Nordic press association is a project for young journalists in the Nordics. The purpose is to make it easier for young people to participate in the public debate through journalistic production.

The project of NPA is about creating the stories that are otherwise not covered. Journalism is much about depicting a happening in the most nuanced way. We felt like Christiania was missing a voice.


The society we thought we knew

Christiana, an autonomous society also regarded as alternative, has been in the eyes of the media since its founding 1971. With around 950 people and a legacy both of a cultural district as well as haven of drugs, Christiania is more than you hear about. Christiania is a home, an office and a museum.

The area has again surfaced on to the international stage after the police shooting on Wednesday of 31 August. The shooting culminated after a long period of tension between the government, Christianites and drug dealers. Drugs stalls have been removed, cameras for surveillance have been put up as well as pressure put on the local community.

The media coverage has during the years mostly been focusing on authorities cleaning up after drugs. This is partial a consequence of the liberal and tolerant attitude. However, Christiana is as much an attractive place for homeless, unemployed and addicts as for progressive artists and anyone looking for an alternative. Tolerance has become a strength.

Christiania has both been a concern and an inspiration for Copenhagen and the world. The famous Christianian bikes, early organic farming and ecological living and a women’s blacksmith are just a few examples. Wind turbines were producing electricity for Christiniats already in the 1970s. Today wind power accounts for around 42% of Denmark’s electricity. Christiania was founded to inspire and to teach.

What began as squatted military barracks has become a functioning society with kindergardens, health care and an economic structure. What was not meant for housing was made into a home.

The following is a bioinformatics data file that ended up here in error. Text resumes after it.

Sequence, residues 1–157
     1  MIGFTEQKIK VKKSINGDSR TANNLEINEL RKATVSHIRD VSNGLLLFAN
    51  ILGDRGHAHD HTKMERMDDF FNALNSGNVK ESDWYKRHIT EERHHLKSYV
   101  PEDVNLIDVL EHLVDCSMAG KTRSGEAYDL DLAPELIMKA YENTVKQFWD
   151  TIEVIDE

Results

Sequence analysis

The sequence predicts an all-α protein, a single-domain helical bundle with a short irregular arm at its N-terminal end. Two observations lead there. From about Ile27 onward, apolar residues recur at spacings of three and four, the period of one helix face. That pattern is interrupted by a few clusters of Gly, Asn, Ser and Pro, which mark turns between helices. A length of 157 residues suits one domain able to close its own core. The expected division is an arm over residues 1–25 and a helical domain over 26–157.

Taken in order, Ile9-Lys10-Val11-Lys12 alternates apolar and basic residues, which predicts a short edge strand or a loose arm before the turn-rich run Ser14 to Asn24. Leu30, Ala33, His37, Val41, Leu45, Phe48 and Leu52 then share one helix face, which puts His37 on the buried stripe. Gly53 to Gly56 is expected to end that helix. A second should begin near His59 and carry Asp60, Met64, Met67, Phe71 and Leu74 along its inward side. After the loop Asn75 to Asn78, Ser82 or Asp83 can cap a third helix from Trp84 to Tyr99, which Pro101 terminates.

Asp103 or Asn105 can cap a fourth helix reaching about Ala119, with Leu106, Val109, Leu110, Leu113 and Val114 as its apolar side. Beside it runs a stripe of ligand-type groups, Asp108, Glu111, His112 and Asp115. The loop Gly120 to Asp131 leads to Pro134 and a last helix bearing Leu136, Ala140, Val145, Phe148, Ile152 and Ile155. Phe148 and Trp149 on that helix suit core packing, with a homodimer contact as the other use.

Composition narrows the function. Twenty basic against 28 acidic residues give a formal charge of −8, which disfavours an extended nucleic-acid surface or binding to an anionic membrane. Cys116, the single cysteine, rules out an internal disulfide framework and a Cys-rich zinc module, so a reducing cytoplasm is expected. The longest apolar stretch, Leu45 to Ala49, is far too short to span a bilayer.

Today Christiania is a tourist attraction. Like all societies Christiania has and will change. For some the change has meant normalization. For others it is a matter of strength and progress.


Christiania is an autonomous society in the central of Copenhagen. It was founded in 1971 and has 950 inhabitants.

The area has a complimentary currency called Løn with one coin that equals 50 danish krona. All the shops and cafe’s around Christinia accepts the currency and it is also possible to use Danish kronas.

Half of the land of Christiania is bought and the other half is rented through the state. The inhabitants rent their houses from the Christianian Foundation which is the contact agency of Christiania.

The flag is a red rectangel with three yellow dots.

The area is ruled by its inhabitants.

People in the project:

Anna Tervahartiala is a photojournalist from Finland and has worked both as a freelancer as in newsrooms since 2012. Anna is specialized in international politics, human rights and development and has worked both in Finland and abroad.

Trude Furuly is a 21-years old journalist. Studying journalism at Volda University College

Chloé is a 21 year old publicist from Stockholm. She is engaged in civil society through a organization called YMCA-YWCA as well as a communications officer during the 2 latest UN climate conferences specializing in social media.

Viktor Hellblom is 16 years old journalist from Stockholm. Viktor interests lie in environmental issues and international politics. He is an active member of the young assocation of the Green party and is engaged in the school newspaper of Viktor Rydberg Djursholm.